Kleist has fascinated readers like no other German writer. How did a one-time soldier with an unremarkable literary education become one of the greatest innovators of German literature? What allows for the tragedy of his life? In what ways does his work speak to us today?
In his great biography Günter Blamberger gives us a new Kleist: Unlike conventional approaches, he does not try to understand Kleist's life from the perspective of its end—from the perspective of his suicide as the final catastrophe of a life in permanent crisis. Rather, he remains at eye-level with Kleist’s present, narrating from the perspective of Kleist’s experience—in the moment with him—capturing the unsettling or the astonishing in each phase of his life, the explosive nature of each one of his risky experiments in living and writing. The result is an indispensable work of German literary history—a vivid, captivating biography of one of the greatest literary geniuses of all time.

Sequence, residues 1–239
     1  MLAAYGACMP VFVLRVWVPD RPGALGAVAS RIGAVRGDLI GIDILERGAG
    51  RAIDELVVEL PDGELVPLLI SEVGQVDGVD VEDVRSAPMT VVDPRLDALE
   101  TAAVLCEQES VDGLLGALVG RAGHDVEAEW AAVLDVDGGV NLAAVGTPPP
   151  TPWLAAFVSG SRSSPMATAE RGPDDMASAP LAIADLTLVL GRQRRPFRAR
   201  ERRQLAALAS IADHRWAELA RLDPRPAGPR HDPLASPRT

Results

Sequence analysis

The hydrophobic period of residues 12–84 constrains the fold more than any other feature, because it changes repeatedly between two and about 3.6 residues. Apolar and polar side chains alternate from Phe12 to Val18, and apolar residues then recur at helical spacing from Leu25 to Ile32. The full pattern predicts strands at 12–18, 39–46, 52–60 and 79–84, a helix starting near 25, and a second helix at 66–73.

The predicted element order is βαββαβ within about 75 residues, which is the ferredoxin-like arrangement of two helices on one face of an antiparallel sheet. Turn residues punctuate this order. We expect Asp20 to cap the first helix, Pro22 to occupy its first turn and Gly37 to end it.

What is the Baroque? Where did it come from and where did it go? Why do we have to ask these questions? Because art historians seem largely satisfied with their answers and most scholars of German literature are not satisfied, yet have stopped asking.This book discerns in the Baroque an aesthetic phenomenon that crosses both media and national boundaries in its celebration of excess and its disintegration of system, unity, and identity. The compositional principles and theoretical implications of the Baroque, as it first arose in Italian art, find expression in German poetics, drama, poetry, and narrative – expression accessible only through resolute close reading. Readings of Bernini, Borromini, Velázquez, Rubens, Fracanzano, and de Hooch precipitate readings of Opitz, Gryphius, Fleming, Zesen, Hoffmannswaldau, and Grimmelshausen, demonstrating that seventeenth-century German literature both is Baroque and confirms what the Baroque is.